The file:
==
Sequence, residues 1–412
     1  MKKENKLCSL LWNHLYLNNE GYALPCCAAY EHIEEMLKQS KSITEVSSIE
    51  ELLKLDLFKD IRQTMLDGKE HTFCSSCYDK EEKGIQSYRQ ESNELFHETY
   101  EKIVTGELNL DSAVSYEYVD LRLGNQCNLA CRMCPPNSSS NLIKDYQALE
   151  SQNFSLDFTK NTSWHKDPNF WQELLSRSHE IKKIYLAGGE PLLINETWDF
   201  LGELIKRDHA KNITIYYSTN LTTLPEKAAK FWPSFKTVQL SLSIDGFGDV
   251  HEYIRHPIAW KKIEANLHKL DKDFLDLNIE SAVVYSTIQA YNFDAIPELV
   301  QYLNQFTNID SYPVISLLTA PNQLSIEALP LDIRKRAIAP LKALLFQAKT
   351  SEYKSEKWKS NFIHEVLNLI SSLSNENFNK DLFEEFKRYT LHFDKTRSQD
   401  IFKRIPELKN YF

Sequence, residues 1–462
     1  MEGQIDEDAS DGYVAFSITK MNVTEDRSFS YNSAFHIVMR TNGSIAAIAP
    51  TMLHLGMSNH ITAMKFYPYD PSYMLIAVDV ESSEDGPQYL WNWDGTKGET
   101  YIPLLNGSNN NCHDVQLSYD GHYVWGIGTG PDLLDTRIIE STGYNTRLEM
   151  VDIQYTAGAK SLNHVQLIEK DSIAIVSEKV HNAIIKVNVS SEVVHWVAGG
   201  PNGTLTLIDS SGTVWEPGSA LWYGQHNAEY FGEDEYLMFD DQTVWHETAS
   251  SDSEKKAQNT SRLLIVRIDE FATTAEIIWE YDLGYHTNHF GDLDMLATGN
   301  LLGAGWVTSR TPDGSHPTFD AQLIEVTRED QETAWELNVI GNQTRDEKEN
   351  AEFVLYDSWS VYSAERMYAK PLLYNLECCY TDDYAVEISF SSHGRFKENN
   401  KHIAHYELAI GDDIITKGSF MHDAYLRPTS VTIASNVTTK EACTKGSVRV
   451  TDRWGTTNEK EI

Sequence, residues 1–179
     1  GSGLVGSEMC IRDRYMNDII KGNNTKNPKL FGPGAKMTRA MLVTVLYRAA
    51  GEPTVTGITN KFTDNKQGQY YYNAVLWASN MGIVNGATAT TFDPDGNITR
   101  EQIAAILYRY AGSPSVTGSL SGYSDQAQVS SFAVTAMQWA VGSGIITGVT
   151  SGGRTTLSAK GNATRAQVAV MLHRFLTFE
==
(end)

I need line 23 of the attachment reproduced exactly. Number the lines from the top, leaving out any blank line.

     1  GSGLVGSEMC IRDRYMNDII KGNNTKNPKL FGPGAKMTRA MLVTVLYRAA